# Make a new column that stores the condition name for tidier model below
df.loc[:, "TidyCond"] = ""
df.loc[df["isTapping"] == True, "TidyCond"] = "Tapping"
# Finally, extract the FIR delay in to its own column in data frame
df.loc[:, "delay"] = [n.split('_')[-1] for n in df.Condition]
# To simplify this example we will only look at the right hand tapping
# condition so we now remove the left tapping conditions from the
# design matrix and GLM results
dm_cols_not_left = np.where(["Right" in c for c in dm.columns])[0]
dm = dm[[dm.columns[i] for i in dm_cols_not_left]]
```

## Run group-level model#

A linear mixed effects (LME) model is used to determine the effect of FIR delay for each chromophore on the evoked response with participant (ID) as a random variable.

```
lme = smf.mixedlm('theta ~ -1 + delay:TidyCond:Chroma', df,
groups=df["ID"]).fit()
# The model is summarised below, and is not displayed here.
# You can display the model output using: lme.summary()
```

## Summarise group-level findings#

Next the values from the model above are extracted into a dataframe for more convenient analysis below. A subset of the results is displayed, illustrating the estimated coefficients for oxyhaemoglobin (HbO) for the right hand tapping condition.

```
# Create a dataframe from LME model for plotting below
df_sum = statsmodels_to_results(lme)
df_sum["delay"] = [int(n) for n in df_sum["delay"]]
df_sum = df_sum.sort_values('delay')
# Print the result for the oxyhaemoglobin data in the tapping condition
df_sum.query("TidyCond in ['Tapping']").query("Chroma in ['hbo']")
```

Note in the output above that there are 10 FIR delays. A coefficient estimate has been calculated for each delay. These coefficients must be multiplied by the FIR function to obtain the morphology of the fNIRS response.

## Plot the response from a single condition#

Finally we create a plot with three facets. The first facet illustrates the FIR model that was used in the GLM analysis, the model results displayed in the table above indicate the scaling values that should be applied to this model so that it best describes the measured data. The second facet illustrates the estimated amplitude of each FIR component for the right hand tapping condition for the oxyhaemoglobin data, it is obtained by multiplying the FIR model by the estimated coefficients from the GLM output. The third facet illustrates the overall estimated response for each chromophore and is calculated by summing all the individual FIR components per chromophore (HbR not shown in first two facets).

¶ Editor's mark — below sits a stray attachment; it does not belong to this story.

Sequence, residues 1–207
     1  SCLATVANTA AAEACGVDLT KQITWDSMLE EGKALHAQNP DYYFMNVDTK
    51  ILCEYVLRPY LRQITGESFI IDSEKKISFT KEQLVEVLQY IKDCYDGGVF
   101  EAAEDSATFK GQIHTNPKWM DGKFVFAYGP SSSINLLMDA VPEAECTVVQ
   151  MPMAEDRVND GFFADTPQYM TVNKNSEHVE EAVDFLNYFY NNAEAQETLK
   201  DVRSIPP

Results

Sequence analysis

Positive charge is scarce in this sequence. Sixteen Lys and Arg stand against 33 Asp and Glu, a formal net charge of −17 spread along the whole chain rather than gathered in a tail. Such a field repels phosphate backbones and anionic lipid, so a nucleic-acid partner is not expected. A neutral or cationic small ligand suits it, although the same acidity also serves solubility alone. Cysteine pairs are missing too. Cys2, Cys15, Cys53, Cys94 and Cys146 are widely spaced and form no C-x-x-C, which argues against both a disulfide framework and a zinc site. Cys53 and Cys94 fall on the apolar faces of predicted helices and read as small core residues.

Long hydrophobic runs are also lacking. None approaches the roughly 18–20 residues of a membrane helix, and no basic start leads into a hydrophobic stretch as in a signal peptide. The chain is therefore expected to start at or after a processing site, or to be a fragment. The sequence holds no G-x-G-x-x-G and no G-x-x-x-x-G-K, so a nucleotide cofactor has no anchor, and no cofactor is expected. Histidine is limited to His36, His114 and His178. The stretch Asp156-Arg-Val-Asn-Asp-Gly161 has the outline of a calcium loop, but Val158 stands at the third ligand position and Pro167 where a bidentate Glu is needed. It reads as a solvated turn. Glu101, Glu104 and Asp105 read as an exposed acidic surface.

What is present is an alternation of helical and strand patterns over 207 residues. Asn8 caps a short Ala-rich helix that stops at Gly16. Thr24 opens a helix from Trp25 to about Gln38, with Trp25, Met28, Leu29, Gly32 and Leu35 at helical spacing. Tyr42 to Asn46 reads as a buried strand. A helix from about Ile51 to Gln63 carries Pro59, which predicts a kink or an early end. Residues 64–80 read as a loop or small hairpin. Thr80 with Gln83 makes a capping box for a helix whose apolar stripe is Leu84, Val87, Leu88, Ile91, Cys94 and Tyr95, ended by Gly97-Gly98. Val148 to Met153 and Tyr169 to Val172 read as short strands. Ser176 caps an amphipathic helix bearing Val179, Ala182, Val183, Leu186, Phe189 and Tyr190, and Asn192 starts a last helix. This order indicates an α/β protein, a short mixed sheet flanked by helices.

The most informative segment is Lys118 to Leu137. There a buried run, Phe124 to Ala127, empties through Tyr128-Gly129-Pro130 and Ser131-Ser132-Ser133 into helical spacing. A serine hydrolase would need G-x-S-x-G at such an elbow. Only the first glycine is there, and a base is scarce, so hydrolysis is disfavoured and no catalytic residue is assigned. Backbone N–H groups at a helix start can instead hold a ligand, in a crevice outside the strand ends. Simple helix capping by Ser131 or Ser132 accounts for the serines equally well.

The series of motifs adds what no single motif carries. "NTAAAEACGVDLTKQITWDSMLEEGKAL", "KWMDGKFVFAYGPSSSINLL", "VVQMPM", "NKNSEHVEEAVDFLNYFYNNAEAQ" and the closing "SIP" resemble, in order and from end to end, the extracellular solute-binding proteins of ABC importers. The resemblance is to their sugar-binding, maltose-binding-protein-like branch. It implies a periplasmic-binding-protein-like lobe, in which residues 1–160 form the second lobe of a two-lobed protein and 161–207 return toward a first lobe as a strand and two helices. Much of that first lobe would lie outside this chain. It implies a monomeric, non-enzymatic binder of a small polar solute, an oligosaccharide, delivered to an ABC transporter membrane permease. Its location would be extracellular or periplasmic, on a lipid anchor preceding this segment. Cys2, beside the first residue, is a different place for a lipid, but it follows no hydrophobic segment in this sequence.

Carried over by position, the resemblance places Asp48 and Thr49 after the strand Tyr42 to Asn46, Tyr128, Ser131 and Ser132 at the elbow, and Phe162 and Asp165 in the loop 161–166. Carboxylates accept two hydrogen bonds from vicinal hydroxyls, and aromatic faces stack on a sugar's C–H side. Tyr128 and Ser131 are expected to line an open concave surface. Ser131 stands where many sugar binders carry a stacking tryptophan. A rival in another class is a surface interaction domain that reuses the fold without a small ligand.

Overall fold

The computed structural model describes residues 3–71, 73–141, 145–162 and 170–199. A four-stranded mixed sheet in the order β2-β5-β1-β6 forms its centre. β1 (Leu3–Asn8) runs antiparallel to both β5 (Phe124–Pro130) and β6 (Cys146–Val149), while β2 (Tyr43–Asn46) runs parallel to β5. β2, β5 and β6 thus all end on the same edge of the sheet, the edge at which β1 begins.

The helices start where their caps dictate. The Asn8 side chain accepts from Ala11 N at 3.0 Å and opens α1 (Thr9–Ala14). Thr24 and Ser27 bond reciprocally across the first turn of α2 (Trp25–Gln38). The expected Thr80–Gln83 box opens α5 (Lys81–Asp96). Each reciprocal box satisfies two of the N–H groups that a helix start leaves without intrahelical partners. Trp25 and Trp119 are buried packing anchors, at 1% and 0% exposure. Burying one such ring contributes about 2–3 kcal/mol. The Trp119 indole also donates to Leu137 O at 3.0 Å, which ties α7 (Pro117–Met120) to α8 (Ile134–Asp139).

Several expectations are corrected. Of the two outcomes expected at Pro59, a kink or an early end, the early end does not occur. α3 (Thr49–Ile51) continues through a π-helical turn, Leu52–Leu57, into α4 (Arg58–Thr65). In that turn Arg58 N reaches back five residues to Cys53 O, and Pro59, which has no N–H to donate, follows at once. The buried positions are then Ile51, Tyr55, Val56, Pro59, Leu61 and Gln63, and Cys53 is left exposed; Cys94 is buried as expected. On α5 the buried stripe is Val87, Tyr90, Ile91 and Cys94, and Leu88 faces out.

```
fig, axes = plt.subplots(nrows=1, ncols=3, figsize=(20, 10))
# Extract design matrix columns that correspond to the condition of interest
dm_cond_idxs = np.where(["Tapping" in n for n in dm.columns])[0]
dm_cond = dm[[dm.columns[i] for i in dm_cond_idxs]]
# Extract the corresponding estimates from the lme dataframe for hbo
df_hbo = df_sum.query("TidyCond in ['Tapping']").query("Chroma in ['hbo']")
vals_hbo = [float(v) for v in df_hbo["Coef."]]
dm_cond_scaled_hbo = dm_cond * vals_hbo
# Extract the corresponding estimates from the lme dataframe for hbr
df_hbr = df_sum.query("TidyCond in ['Tapping']").query("Chroma in ['hbr']")
vals_hbr = [float(v) for v in df_hbr["Coef."]]
dm_cond_scaled_hbr = dm_cond * vals_hbr
# Extract the time scale for plotting.
# Set time zero to be the onset of the finger tapping.
index_values = dm_cond_scaled_hbo.index - np.ceil(raw.annotations.onset[0])
index_values = np.asarray(index_values)
# Plot the result
axes[0].plot(index_values, np.asarray(dm_cond))
axes[1].plot(index_values,np.asarray(dm_cond_scaled_hbo))
axes[2].plot(index_values, np.sum(dm_cond_scaled_hbo, axis=1), 'r')
axes[2].plot(index_values, np.sum(dm_cond_scaled_hbr, axis=1), 'b')
# Format the plot
for ax in range(3):
axes[ax].set_xlim(-5, 30)
axes[ax].set_xlabel("Time (s)")
axes[0].set_ylim(-0.5, 1.3)
axes[1].set_ylim(-3, 8)
axes[2].set_ylim(-3, 8)
axes[0].set_title("FIR Model (Unscaled by GLM estimates)")
axes[1].set_title("FIR Components (Scaled by Tapping/Right GLM Estimates)")
axes[2].set_title("Evoked Response (Tapping/Right)")
axes[0].set_ylabel("FIR Model")
axes[1].set_ylabel("Oyxhaemoglobin (ΔμMol)")
axes[2].set_ylabel("Haemoglobin (ΔμMol)")
axes[2].legend(["Oyxhaemoglobin", "Deoyxhaemoglobin"])
```

```
<matplotlib.legend.Legend object at 0x7fb7371e99c0>
```

## Plot the response with confidence intervals#

```
# We can also extract the 95% confidence intervals of the estimates too
l95_hbo = [float(v) for v in df_hbo["[0.025"]] # lower estimate
u95_hbo = [float(v) for v in df_hbo["0.975]"]] # upper estimate
dm_cond_scaled_hbo_l95 = dm_cond * l95_hbo
dm_cond_scaled_hbo_u95 = dm_cond * u95_hbo
l95_hbr = [float(v) for v in df_hbr["[0.025"]] # lower estimate
u95_hbr = [float(v) for v in df_hbr["0.975]"]] # upper estimate
dm_cond_scaled_hbr_l95 = dm_cond * l95_hbr
dm_cond_scaled_hbr_u95 = dm_cond * u95_hbr
fig, axes = plt.subplots(nrows=1, ncols=1, figsize=(7, 7))
# Plot the result
axes.plot(index_values, np.sum(dm_cond_scaled_hbo, axis=1), 'r')
axes.plot(index_values, np.sum(dm_cond_scaled_hbr, axis=1), 'b')
axes.fill_between(index_values,
np.asarray(np.sum(dm_cond_scaled_hbo_l95, axis=1)),
np.asarray(np.sum(dm_cond_scaled_hbo_u95, axis=1)),
facecolor='red', alpha=0.25)
axes.fill_between(index_values,
np.asarray(np.sum(dm_cond_scaled_hbr_l95, axis=1)),
np.asarray(np.sum(dm_cond_scaled_hbr_u95, axis=1)),
facecolor='blue', alpha=0.25)
# Format the plot
axes.set_xlim(-5, 30)
axes.set_ylim(-7, 10)
axes.set_title("Evoked Response (Tapping/Right)")
axes.set_ylabel("Haemoglobin (ΔμMol)")
axes.legend(["Oyxhaemoglobin", "Deoyxhaemoglobin"])
axes.set_xlabel("Time (s)")
```

```
Text(0.5, 47.7222222222222, 'Time (s)')
```

**Total running time of the script:** (0 minutes 21.908 seconds)

**Estimated memory usage:** 10 MB